RaveThe Irish Times (UK)Nobel Peace Prize winner Maria Ressa’s powerful new autobiography, How to Stand Up to a Dictator, weaves together three compelling narratives ... [Ressa] does not explicitly, however, give us a silver bullet for defeating violent strongmen ... In the end, what she proffers is a very simple idea — moral inviolability. Integrity, conscience, soul. It is an old-fashioned notion, largely discredited in our fast-paced, materialistic culture. But in the end, as this inspirational book demonstrates, it is truly the only thing that can save us ... At a time when the world faces a stark choice between authoritarian leaders and those with the courage to stand up to them, Maria Ressa is an indispensable guide in showing us the path from our troubled present to a better future.
PositiveThe Irish Times (IRELAND)In How To Be A Dictator, historian Frank Dikötter provides a timely reminder of just how destructive toxic insecurity, and its corollary, pathological narcissism, can become ... Nothing in the sorry sagas of Trump and Brexit compares remotely with the atrocities committed by the dictators in Dikötter’s new book. But in terms of the dynamics of narcissistic authoritarianism, there is much in How To Be A Dictator that is of critical contemporary relevance ... History only makes sense if we understand the psychological pathology that underlies it, and our own propensity for partaking in such pathology. We need a clear-eyed understanding of history as a recurring series of monumental follies, led by cretins who duped or forced millions of us into humiliating childish submission. Only then can we hope to avoid the repetition. Dikötter, in his previous outstanding books on Mao, and again here in How To Be a Dictator, is in the vanguard of historians opening our eyes to this fundamental truth.
MixedThe Irish Times (UK)... appears at a moment in history when it is becoming ever more apparent that many of the ideas we use to construct our societies are no longer working, including foundational ideas of economics, politics and religion. The overarching lesson that emerges from the book is that further progress for our species will depend on our collective attempts to overcome wrong ideas and act for the benefit of humanity on what we have learned to be true ... While Out of Our Minds sets out the diversity of ideas that humanity has concocted, and makes clear the contingency and potential destructiveness of many of our most cherished thoughts, it says little about how we are to go about deciding which ideas will enhance our humanity and which ideas are leading us to destruction.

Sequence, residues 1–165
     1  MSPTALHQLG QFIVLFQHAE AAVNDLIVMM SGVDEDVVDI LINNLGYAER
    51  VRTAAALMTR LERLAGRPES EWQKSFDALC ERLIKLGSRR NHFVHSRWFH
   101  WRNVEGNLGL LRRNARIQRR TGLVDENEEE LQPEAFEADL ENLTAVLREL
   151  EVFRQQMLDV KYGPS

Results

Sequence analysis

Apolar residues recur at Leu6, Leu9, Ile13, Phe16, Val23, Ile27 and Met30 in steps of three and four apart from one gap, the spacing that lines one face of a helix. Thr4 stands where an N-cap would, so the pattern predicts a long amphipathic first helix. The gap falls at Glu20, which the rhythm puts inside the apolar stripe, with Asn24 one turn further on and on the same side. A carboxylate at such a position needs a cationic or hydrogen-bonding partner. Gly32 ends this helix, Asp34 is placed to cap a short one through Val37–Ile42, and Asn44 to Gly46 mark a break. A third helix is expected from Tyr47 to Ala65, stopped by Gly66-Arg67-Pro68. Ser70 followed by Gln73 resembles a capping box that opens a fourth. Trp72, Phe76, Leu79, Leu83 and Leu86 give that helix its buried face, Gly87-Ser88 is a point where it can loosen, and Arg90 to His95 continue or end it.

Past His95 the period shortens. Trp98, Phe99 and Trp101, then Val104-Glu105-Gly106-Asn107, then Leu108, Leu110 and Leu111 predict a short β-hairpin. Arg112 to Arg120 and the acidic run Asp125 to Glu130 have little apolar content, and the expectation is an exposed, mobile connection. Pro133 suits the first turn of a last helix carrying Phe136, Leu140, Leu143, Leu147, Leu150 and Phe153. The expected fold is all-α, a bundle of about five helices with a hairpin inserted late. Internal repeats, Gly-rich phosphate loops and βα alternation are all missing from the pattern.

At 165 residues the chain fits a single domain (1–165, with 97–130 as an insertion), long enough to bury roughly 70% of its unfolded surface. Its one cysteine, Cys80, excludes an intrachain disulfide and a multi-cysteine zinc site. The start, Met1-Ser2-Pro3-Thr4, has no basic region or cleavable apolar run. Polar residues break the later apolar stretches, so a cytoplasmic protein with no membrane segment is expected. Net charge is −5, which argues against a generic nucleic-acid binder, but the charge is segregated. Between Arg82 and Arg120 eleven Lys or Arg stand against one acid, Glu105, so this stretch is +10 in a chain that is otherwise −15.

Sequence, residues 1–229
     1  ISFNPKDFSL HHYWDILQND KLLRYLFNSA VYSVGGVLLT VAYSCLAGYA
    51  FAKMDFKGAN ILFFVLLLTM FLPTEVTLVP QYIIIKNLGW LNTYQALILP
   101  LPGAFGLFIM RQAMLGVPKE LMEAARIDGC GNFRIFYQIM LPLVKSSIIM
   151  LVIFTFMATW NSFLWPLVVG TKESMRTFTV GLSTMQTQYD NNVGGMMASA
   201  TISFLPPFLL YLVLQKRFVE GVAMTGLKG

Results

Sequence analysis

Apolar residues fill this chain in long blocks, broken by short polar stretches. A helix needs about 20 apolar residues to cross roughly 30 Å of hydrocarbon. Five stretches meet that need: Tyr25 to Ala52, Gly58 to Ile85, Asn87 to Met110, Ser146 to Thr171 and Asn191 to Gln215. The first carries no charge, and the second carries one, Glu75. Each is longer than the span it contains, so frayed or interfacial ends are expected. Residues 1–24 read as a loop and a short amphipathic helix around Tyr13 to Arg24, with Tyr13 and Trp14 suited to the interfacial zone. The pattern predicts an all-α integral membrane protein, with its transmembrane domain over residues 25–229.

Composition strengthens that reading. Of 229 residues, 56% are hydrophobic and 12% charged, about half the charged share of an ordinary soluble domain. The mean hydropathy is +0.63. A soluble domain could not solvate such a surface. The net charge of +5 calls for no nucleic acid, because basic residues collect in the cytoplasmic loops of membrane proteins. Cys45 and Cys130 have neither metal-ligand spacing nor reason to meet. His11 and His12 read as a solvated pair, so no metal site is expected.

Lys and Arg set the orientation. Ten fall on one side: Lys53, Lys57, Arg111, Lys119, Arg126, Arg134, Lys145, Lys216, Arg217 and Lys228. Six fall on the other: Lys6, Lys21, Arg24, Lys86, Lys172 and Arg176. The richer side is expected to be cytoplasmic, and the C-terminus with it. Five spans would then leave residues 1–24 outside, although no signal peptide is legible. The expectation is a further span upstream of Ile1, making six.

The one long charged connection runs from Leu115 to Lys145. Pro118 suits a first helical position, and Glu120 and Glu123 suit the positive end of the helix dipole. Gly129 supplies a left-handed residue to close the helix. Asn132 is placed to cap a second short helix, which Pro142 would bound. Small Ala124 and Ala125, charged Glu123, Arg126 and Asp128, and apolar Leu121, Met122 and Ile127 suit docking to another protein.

PositiveThe Irish Times (UK)... does not explore solutions to the problems posed by the weaponisation of social media by today’s populist authoritarians. But it does set out, eloquently and movingly, what is at stake. Pomerantsev is an accomplished storyteller and is adept at the use of visual imagery ... essential reading on this online battle between love and hate, and powerful testimony that in this crucial fight, social media platforms can no longer be allowed to sit on the fence.
PositiveThe Irish TimesThe stark conclusion that emerges from his book...is that while individuals often learn from crisis, countries seldom do ... In perhaps the most fascinating section of the book, Diamond identifies the accelerating deterioration of compromise, not only in the political sphere but in all areas of life, as the most ominous problem threatening American society today ... Rather than easing our anxieties over the current global malaise, however, Diamond’s book serves as a warning that a return of the ghosts of history can be a very real consequence of our collective refusal to learn.